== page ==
“The American Council of the Blind is excited Walmart and Sam’s Club are showing their dedication to the safety and accessibility for the visually impaired through ScripTalk availability, setting an important standard in accessibility in healthcare. Our relationship with Walmart has flourished over the years, and we look forward to continued growth,” says Eric Bridges, Executive Director of the America Council of the Blind.

About En-Vision America
En-Vision America, a Palmetto, Fla.-based company, provides high-tech products aimed at solving problems for individuals with disabilities. The company has spearheaded many innovations relating to labeling including voice-enabled products like i.d. mate, the talking bar code reader, and ScriptAbility, which includes talking prescription labels, Braille, large print, dual language and Controlled Substance Safety Labels (CSSLs). Originally founded by Philip C. and David B. Raistrick in 1996, the cornerstone of the company is based on one single premise: To provide those with disabilities equal access and greater independence through technology. Today, more than 20,000 individuals are using ScripTalk. For additional information, visit For media inquiries, contact Jenna Reed at

About Walmart
Walmart Inc. (NYSE: WMT) helps people around the world save money and live better – anytime and anywhere – in retail stores, online, and through their mobile devices. Each week, over 275 million customers and members visit our more than 11,300 stores under 58 banners in 27 countries and eCommerce websites. With fiscal year 2019 revenue of $514.4 billion, Walmart employs over 2.2 million associates worldwide. Walmart continues to be a leader in sustainability, corporate philanthropy and employment opportunity. Additional information about Walmart can be found by visiting, on Facebook at and on Twitter at

About the American Council of the Blind
The American Council of the Blind (ACB) was founded in 1961 but many of its state affiliates and local chapters have a history that can be traced back to the 1880s. The ACB Mission is to increase the independence, security, equality of opportunity, and quality of life for all blind and visually impaired people. Additional information can be found by visiting


Medication Safety Awareness for the Blind MSAB Month Helps People Who Are Blind, Visually Impaired

Tuesday, November 6th, 2018

Medication Safety Awareness for the Blind (MSAB) is a month-long event, held every October across the US and Canada. This initiative rallies advocates to spread the word about accessible prescription labels, so that people who are blind, visually or print impaired become aware of options for accessing their prescription label information.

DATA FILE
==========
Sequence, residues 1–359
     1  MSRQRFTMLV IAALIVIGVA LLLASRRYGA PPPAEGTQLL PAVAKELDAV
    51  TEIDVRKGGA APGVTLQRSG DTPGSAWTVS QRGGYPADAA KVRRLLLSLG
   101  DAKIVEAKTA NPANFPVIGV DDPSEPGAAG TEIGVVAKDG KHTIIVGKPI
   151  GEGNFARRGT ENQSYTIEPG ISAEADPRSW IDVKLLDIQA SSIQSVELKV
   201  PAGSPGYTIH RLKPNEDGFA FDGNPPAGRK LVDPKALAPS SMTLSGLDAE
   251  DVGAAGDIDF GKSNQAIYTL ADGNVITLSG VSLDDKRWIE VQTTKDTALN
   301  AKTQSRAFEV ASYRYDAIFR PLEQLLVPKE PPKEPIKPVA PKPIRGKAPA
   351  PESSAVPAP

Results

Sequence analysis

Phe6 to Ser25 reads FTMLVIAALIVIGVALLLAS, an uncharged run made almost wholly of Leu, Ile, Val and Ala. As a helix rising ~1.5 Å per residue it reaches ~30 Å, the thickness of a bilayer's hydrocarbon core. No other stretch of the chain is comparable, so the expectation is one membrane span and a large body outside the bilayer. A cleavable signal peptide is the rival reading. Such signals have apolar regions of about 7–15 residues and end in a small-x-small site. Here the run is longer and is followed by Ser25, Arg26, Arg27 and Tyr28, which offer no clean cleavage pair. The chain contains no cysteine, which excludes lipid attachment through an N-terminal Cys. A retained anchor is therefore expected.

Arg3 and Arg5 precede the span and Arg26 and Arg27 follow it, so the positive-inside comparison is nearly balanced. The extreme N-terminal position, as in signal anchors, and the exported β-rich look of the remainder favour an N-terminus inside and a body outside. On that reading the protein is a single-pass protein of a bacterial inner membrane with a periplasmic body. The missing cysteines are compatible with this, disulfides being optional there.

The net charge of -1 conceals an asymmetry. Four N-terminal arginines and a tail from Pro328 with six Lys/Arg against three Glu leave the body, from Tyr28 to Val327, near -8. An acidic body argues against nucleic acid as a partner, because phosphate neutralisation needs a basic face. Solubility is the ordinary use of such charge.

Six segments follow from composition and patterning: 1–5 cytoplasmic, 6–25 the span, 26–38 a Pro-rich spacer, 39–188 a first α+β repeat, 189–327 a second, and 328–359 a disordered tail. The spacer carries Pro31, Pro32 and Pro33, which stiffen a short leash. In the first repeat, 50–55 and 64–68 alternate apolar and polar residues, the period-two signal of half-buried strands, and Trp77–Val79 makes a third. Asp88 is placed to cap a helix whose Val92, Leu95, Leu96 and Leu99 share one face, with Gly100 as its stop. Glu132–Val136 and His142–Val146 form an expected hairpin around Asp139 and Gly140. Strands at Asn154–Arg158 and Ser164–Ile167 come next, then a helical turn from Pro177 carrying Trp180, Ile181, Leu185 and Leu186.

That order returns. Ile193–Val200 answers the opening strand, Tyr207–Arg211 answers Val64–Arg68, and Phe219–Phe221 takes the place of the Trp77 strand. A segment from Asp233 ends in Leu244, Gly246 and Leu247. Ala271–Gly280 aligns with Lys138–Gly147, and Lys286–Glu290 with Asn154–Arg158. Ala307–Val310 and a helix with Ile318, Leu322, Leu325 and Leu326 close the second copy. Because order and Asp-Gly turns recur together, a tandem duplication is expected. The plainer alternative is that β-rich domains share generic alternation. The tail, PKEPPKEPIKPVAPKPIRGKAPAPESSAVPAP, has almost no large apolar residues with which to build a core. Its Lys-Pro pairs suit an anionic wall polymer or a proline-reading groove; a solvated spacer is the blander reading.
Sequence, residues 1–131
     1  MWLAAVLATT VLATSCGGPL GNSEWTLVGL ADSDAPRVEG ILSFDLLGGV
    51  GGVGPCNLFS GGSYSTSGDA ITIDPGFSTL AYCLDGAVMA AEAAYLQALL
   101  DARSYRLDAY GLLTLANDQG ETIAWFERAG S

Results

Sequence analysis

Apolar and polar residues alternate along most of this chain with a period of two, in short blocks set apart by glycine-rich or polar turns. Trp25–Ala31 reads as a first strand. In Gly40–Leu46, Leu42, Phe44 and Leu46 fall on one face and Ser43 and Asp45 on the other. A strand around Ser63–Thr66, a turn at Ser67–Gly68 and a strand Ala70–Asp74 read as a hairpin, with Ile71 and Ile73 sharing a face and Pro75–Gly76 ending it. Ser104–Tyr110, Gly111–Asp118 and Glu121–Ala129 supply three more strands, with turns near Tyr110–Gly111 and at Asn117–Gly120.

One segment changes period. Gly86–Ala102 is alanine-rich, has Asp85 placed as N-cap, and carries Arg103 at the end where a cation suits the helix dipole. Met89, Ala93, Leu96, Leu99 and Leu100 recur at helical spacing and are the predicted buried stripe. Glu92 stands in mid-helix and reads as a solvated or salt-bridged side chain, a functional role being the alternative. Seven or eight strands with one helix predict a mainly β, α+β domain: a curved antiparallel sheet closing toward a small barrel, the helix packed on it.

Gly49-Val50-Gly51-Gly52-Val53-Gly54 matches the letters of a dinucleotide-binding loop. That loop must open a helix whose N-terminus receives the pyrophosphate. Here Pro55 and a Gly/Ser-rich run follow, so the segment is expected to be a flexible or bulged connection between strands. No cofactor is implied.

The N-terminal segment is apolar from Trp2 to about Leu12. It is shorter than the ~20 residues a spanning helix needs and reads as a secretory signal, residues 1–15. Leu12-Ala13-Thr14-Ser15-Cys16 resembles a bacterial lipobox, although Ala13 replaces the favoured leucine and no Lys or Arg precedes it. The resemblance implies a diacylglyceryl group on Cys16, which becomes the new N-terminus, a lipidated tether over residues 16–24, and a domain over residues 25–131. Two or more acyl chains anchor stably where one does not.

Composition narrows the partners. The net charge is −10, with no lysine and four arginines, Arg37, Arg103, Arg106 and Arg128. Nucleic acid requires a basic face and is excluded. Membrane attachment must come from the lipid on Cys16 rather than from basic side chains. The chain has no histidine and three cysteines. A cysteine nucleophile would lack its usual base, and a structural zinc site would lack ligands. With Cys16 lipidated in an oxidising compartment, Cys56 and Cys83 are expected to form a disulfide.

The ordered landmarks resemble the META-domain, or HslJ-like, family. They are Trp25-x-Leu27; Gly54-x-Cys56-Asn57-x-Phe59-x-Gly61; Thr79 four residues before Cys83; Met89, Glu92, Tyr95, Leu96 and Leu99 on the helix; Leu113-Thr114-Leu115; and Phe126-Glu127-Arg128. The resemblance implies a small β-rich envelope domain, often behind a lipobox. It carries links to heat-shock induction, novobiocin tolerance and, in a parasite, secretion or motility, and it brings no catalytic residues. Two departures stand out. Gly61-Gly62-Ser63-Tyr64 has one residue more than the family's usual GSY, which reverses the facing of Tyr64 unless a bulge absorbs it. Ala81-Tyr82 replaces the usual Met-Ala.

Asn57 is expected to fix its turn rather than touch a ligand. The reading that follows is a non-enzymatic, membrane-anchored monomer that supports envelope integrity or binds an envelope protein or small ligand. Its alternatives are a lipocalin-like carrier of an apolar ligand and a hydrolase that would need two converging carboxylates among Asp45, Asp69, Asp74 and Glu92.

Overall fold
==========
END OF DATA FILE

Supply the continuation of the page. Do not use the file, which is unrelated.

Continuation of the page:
This year, over 200 Lions clubs, state agencies, and support groups participated in various activities to talk about accessible prescription labels with their family, friends, clients and communities. Groups shared information and demonstrated ScripTalk talking labels at district meetings, conventions, support groups, health fairs, technology shows, doctor’s offices, and pharmacies. The Troy Lions Club even had an MSAB day declared by the Mayor in the city of Troy, Ohio! (Read full article.)

Thank you to everyone who participated in this important initiative!

MSAB continues all year! Anyone interested in keeping the conversation going can read about advocacy and request information at the link below:

Advocacy Page

MSAB Facebook page

Advocacy Video

Accessible label options such as ScripTalk Talking labels, large print and Braille labels help people safely and independently manage their medications. These labels are available by request at no additional charge at participating pharmacies. Anyone who needs these labels can request them; no diagnosis is needed.

To get these labels:

  • Ask your pharmacist for accessible prescription labels such as ScripTalk
  • Search for a participating pharmacy here
  • Call En-Vision America at 1-800-890-1180 for free assistance



Nevada SB 131 Accessible Labels Bill Needs Final Push to Pass Assembly Vote

Thursday, May 11th, 2017

A final push is needed by Nevada citizens to help pass SB 131, a bill that would make accessible prescriptions widely available to blind, visually impaired and print impaired people. People who live in Nevada are being asked to call their legislators now. See message from Rick Kuhlmey, Nevada Council of the Blind: 

May 10, 2017

Hello dear fellow members of the Nevada Council of the Blind,

Thank you for all the wonderful work you did to help SB 131 move along through the Nevada Assembly Committee on Health and Human Services.  SB 131 was voted out of the Committee this afternoon during a ‘work session’ with a unanimous “Do Pass” recommendation to the Assembly as a whole.  The Bill now is waiting for the Assembly to vote on it.  

We need you to call and write them and ask them to please vote for SB 131.  

This time the way in which we can contact them will be different.    There are forty-two members of the Assembly.  It is not practical for you to write a letter or enter all their names and e-mail addresses into your communication devices to reach out to each of them individually.    

The best way for all of us to touch them now is to call.